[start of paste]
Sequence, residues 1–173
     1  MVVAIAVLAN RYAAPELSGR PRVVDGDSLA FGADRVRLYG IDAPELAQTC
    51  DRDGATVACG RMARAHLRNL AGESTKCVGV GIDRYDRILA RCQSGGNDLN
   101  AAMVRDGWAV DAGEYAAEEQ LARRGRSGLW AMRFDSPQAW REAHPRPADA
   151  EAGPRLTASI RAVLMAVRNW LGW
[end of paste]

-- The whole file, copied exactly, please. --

Sequence, residues 1–173
     1  MVVAIAVLAN RYAAPELSGR PRVVDGDSLA FGADRVRLYG IDAPELAQTC
    51  DRDGATVACG RMARAHLRNL AGESTKCVGV GIDRYDRILA RCQSGGNDLN
   101  AAMVRDGWAV DAGEYAAEEQ LARRGRSGLW AMRFDSPQAW REAHPRPADA
   151  EAGPRLTASI RAVLMAVRNW LGW